The minutes of that meeting distributed last month do not list which of ALEC's 2011 task force members were in Scottsdale and who unanimously approved this NRA bill and others proposed last winter.

Accordingly, there is no contemporaneously prepared and publicly distributed record of whether Koch representatives voted on the NRA's machine gun protection amendments or not or whether Koch objected in any way to this part of the agenda for ALEC. Other bills on the agenda in Arizona included a failed effort to change ALEC's position that favors the undemocratic Electoral College and opposes "national popular vote" (meaning the president who wins the popular vote wins the presidency), and Koch's view of them, if any, is unknown.

Secrecy Cloaks Koch Role, But It Was on the Task Force the NRA Led

Unlike for the Cincinnati task force meeting a year ago, for the May 2012 meeting in Charlotte, ALEC members were not sent a list of the names and contact information for their fellow members in preparation for the task force meeting.

That is, there is no verifiable public record of whether or not Koch Industries continued its membership on this task force beyond 2011, although Koch (through Morgan) remains on ALEC's board, according to the new materials Common Cause obtained in support of its complaint to the IRS that ALEC is a corporate lobbying group masquerading as a charity.

Since ALEC operates in the shadows and records are incomplete, it is not clear how many years prior to 2012 Koch previously paid to play on this task force. After all, Koch's KCPS, represented by Kim, was listed on ALEC's Public Safety and Elections Task Force roster not only in 2011 but also in 2010.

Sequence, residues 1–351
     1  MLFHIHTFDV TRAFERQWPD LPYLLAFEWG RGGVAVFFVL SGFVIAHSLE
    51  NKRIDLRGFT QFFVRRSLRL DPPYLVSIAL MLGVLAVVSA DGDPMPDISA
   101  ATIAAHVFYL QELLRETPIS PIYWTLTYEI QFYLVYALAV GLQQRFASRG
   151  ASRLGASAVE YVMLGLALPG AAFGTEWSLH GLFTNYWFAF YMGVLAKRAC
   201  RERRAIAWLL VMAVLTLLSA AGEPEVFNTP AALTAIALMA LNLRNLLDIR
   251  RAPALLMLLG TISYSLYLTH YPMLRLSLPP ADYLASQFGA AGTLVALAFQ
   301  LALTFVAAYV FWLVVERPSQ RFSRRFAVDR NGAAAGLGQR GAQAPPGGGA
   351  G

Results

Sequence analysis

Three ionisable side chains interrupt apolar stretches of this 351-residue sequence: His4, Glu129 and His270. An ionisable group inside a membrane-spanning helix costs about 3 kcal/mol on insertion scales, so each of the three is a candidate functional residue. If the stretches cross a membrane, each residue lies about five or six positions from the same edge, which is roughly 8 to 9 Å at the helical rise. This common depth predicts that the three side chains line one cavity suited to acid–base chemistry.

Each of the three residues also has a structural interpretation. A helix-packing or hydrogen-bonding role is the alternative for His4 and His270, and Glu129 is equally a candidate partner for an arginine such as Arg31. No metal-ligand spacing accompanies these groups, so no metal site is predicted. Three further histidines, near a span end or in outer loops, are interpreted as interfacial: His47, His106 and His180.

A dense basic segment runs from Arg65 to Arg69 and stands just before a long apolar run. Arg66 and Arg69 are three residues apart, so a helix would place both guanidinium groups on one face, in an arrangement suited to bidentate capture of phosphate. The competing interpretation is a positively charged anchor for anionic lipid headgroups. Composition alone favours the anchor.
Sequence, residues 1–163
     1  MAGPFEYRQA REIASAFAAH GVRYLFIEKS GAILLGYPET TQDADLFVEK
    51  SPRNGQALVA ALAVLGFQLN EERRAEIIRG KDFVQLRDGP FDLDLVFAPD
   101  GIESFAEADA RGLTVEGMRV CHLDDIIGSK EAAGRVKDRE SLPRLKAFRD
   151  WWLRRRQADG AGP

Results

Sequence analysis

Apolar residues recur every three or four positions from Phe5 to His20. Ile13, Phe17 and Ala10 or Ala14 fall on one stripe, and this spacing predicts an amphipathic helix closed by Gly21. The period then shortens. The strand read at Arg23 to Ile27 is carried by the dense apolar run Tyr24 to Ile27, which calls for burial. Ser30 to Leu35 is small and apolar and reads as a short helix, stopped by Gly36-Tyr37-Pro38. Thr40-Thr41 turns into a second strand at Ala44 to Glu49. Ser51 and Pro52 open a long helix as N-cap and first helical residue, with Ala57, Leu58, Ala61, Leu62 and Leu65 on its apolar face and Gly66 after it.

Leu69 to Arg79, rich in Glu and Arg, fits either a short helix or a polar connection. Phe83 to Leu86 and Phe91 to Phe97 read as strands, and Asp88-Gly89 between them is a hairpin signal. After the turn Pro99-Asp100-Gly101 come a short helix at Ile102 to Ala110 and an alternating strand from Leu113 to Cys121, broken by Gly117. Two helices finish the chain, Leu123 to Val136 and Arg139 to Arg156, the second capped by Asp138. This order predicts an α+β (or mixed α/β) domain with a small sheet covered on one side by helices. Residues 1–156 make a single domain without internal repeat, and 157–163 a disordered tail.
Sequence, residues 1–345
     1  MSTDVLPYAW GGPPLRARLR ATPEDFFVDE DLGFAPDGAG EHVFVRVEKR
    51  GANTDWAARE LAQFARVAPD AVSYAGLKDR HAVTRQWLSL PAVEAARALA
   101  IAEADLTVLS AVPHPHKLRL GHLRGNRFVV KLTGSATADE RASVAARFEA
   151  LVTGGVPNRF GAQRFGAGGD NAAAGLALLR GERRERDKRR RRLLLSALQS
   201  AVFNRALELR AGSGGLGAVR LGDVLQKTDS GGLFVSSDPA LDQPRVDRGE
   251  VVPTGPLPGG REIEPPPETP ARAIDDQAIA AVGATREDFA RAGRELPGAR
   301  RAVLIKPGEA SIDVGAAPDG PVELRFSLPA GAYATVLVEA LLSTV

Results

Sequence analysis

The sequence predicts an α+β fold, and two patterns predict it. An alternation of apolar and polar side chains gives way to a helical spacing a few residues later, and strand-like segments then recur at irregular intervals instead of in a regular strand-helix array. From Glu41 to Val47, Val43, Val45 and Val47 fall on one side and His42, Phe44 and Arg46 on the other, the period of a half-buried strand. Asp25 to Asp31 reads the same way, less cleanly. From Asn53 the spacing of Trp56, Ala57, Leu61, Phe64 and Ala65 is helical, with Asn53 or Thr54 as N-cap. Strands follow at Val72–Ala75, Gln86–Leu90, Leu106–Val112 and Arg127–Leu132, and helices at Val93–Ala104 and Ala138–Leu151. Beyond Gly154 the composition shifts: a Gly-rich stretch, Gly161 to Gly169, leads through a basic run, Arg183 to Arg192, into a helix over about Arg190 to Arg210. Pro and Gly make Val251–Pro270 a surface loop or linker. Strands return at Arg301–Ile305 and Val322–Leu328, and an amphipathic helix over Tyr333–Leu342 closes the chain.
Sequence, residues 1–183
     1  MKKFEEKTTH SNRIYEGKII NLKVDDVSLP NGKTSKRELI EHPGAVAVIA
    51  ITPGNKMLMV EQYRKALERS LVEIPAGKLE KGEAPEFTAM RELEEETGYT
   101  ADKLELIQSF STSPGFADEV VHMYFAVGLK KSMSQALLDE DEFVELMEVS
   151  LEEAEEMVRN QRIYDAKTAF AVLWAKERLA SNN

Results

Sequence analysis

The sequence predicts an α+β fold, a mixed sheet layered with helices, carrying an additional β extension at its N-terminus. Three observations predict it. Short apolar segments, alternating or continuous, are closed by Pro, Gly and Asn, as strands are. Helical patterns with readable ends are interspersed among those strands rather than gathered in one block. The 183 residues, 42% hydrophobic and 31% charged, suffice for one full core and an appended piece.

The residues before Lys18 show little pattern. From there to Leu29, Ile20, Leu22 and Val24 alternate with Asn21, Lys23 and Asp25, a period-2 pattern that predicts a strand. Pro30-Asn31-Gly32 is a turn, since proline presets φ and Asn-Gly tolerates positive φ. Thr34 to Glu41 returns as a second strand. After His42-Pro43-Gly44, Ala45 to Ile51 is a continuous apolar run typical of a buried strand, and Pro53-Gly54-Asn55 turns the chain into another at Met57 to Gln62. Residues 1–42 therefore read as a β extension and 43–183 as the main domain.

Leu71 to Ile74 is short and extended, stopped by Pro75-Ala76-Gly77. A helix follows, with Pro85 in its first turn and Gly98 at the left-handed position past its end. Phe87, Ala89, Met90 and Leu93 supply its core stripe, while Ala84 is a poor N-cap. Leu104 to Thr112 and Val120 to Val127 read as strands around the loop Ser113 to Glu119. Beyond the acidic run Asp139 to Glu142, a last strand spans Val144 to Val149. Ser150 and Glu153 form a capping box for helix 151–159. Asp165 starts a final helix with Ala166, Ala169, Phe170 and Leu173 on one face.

ALEC and the NRA

Who was the private sector co-chair of that task force when Koch was listed on its 2010 roster? None other than the NRA. It was represented as the Public Safety and Elections Task Force co-chair through its government relations rep Tara Mica.

Yet, Koch Industries has been on the offensive against those connecting the dots between the NRA, ALEC, and Koch. It has pointed to a single bill it opposed in Florida that would have resulted in the arming of its employees on the job against its will. Apparently, in that instance, the corporation didn't think doing so was a good idea. Many employers probably think it's not a good idea to have employees carrying guns around the workplace. That particular gun bill, however, was not ratified or adopted as an ALEC model, either.

There is no indication Koch Industries or its representatives ever objected to sitting on a Public Safety and Elections Task Force co-chaired by the NRA or its agenda.

In fact, there is no publicly available evidence that Koch, as a long-time ALEC board member and funder, objected to the NRA co-chairing that task force for a number of years.

There is no evidence Koch ever objected to any NRA initiative in 2010 and 2011 when it irrefutably was listed as a member of that task force.

And, there is no public record that Koch ever used its seat on that task force to move to repeal or revoke NRA bills previously endorsed as the model bills of that task force, such as the SYG/Castle Doctrine bill, the bill barring city lawsuits against gun manufacturers, or ALEC's opposition to the federal assault weapons ban, for example.

It is simply not known how many years beyond 2010 and 2011, if any, Koch had a seat on ALEC's crime task force during the nearly two decades Koch has had a seat on ALEC's corporate board, but cost was certainly not an impediment.

After all, the going rate for an ALEC corporate member to buy a seat and a vote on that task force last year was a mere $2500. With Koch's reported revenue of $100 billion per year, the annual fee for this task force is a little less than the company makes in, literally, the stroke of a single second on the hands of a clock.

This piece was reprinted by Truthout with permission or license. It may not be reproduced in any form without permission or license from the source.

Lisa Graves

Lisa is Executive Director and Editor-in-Chief. She previously served as the Chief Counsel for Nominations on the U.S. Senate Judiciary Committee and Deputy Assistant Attorney General in the U.S. Department of Justice, among other roles.